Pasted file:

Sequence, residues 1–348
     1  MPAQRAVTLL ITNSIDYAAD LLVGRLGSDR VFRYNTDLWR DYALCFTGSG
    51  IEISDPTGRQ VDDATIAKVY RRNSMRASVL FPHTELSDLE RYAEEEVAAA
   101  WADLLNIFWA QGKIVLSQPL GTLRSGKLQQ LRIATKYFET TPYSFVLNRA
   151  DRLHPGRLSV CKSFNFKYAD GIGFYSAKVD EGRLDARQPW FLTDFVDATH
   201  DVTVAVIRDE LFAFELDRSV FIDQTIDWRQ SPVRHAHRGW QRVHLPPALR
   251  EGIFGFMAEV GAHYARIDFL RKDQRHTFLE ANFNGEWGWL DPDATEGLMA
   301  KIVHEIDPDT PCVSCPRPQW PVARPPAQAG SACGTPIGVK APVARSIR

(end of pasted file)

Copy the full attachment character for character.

Sequence, residues 1–348
     1  MPAQRAVTLL ITNSIDYAAD LLVGRLGSDR VFRYNTDLWR DYALCFTGSG
    51  IEISDPTGRQ VDDATIAKVY RRNSMRASVL FPHTELSDLE RYAEEEVAAA
   101  WADLLNIFWA QGKIVLSQPL GTLRSGKLQQ LRIATKYFET TPYSFVLNRA
   151  DRLHPGRLSV CKSFNFKYAD GIGFYSAKVD EGRLDARQPW FLTDFVDATH
   201  DVTVAVIRDE LFAFELDRSV FIDQTIDWRQ SPVRHAHRGW QRVHLPPALR
   251  EGIFGFMAEV GAHYARIDFL RKDQRHTFLE ANFNGEWGWL DPDATEGLMA
   301  KIVHEIDPDT PCVSCPRPQW PVARPPAQAG SACGTPIGVK APVARSIR